The unearthing of the largest, most complete Tyrannosaurus Rex skeleton ever discovered is great news for Absaroka Country and its High Plains Dinosaur Museum. The priceless remnants have put Sheriff Longmire’s jurisdiction on the map, and he’d be content to watch the fuss made over it from afar. But when the body of Danny Lone Elk, the Cheyenne rancher on whose property the remains surfaced, is found floating face-down in a pond full of ravenous turtles, the veteran lawman is called into action. And with various factions claiming ownership of the multi-million-dollar find, including Danny’s kin, his tribe, and a sizable FBI presence, these are muddy waters that Walt is treading into; and this is a murder investigation unlike any he’s ever faced.
Johnson’s long-running series, of which I’ve read maybe half, never cease to entertain, deftly balancing physical and cerebral danger with a dash of humour and plenty of heart. There’s an eloquence to Johnson’s prose that many of his contemporaries lack; an enviable simplicity to his storytelling. Dry Bones takes full advantage of its Wyoming backdrop, with Longmire trekking deep into its environment – always refreshing, given the plethora of urban crime novels we’re inundated with. By now, the series has developed a wide cast of supporting characters, and while I lacked familiarity with some of them – and the narrative assumes you’re cognizant of them, as there’s (thankfully) very little spoon-feeding – this was never detrimental to the story. Indeed, it was welcoming, and enticed me to delve back into earlier Longmire mysteries.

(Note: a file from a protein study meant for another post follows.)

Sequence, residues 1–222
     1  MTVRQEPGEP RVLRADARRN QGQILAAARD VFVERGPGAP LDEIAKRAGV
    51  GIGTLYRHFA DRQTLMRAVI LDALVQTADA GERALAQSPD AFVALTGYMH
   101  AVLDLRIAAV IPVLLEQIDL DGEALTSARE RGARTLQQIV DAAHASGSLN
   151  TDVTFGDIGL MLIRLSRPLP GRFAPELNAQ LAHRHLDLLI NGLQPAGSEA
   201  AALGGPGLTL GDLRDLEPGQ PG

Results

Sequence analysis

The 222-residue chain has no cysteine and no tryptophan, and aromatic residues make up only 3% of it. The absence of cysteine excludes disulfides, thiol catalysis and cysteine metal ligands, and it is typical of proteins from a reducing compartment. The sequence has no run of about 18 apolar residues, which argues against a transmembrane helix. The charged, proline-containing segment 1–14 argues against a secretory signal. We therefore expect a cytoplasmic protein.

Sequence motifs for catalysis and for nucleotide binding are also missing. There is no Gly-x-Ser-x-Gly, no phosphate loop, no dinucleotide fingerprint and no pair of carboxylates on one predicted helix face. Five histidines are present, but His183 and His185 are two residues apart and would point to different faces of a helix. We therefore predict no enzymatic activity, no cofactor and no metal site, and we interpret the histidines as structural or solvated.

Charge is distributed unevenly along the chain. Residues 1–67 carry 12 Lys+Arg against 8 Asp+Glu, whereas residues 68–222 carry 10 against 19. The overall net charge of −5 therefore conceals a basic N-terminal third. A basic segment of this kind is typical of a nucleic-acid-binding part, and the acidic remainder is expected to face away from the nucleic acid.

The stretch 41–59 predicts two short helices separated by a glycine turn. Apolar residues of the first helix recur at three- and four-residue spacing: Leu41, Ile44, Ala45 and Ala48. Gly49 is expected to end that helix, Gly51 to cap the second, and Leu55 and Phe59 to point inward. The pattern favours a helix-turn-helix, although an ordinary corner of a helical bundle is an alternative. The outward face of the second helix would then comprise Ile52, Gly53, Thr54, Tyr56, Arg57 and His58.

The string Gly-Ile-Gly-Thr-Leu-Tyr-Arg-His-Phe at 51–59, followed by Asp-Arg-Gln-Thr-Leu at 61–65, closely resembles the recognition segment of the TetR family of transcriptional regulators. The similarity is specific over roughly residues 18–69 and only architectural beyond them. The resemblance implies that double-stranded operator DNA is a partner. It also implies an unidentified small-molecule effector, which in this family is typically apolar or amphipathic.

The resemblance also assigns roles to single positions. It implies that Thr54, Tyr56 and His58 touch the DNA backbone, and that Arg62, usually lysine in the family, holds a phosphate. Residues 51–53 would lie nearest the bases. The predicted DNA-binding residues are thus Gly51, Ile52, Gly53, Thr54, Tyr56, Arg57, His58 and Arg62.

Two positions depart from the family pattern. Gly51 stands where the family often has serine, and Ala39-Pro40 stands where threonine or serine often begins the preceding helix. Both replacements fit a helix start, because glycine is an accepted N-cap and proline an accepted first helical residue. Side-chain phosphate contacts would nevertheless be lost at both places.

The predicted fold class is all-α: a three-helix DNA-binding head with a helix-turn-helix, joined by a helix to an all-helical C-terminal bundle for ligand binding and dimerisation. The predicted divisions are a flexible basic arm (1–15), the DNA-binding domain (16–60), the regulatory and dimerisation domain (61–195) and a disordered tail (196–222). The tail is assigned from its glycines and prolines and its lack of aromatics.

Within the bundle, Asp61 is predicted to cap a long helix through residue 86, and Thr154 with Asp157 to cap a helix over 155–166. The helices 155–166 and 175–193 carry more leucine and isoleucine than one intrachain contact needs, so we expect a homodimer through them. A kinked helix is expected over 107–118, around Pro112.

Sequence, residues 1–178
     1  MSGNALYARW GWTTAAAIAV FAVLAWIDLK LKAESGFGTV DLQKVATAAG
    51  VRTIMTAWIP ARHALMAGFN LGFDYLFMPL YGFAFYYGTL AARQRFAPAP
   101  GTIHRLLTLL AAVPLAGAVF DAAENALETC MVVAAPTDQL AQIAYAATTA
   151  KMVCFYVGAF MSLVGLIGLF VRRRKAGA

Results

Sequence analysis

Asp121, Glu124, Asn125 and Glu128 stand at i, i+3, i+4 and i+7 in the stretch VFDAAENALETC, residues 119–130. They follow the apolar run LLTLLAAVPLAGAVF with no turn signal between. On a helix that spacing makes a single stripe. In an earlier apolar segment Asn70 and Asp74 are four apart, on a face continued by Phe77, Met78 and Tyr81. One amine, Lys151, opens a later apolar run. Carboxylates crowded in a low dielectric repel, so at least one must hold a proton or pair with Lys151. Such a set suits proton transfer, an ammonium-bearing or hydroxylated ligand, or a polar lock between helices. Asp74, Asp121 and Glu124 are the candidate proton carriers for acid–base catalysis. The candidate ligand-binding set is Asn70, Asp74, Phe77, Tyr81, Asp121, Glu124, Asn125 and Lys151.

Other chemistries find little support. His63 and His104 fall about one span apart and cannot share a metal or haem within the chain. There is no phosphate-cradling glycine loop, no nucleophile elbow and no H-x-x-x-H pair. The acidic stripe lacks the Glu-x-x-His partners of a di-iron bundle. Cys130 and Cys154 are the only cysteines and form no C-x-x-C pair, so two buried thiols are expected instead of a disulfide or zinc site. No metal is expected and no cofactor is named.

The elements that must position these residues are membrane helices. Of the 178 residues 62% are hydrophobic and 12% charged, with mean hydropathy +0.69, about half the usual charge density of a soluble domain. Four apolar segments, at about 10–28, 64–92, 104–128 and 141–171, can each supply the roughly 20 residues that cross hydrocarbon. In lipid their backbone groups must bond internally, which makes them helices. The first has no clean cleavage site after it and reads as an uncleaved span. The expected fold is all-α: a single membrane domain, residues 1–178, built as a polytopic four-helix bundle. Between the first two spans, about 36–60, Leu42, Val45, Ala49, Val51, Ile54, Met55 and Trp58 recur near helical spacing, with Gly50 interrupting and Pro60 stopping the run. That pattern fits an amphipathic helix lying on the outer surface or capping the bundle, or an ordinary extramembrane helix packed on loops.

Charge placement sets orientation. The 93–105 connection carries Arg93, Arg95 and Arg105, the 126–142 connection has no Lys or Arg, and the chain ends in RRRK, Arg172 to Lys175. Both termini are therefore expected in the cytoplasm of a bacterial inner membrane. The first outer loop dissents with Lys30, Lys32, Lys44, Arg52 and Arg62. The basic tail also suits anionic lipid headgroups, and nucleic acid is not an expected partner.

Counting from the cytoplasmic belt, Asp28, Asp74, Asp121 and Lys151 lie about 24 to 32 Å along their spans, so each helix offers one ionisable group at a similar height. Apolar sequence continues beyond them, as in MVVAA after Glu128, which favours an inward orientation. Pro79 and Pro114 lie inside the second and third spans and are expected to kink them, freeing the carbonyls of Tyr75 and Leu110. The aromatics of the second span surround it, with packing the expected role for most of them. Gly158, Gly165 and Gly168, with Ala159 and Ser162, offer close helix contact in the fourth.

Dry Bones is as fine a mystery as I’ve read this year. If you’ve read the other books in the series, you’ll be pleased to know this one’s another winner. But newcomers shouldn’t shy away from Longmire’s thirteenth case. When you’re done, you’ll find yourself wanting to indulge in his rich history, and savouring every moment spent with the Sheriff.
My thanks to PENGUIN GROUP Viking for providing a digital copy of this book for review.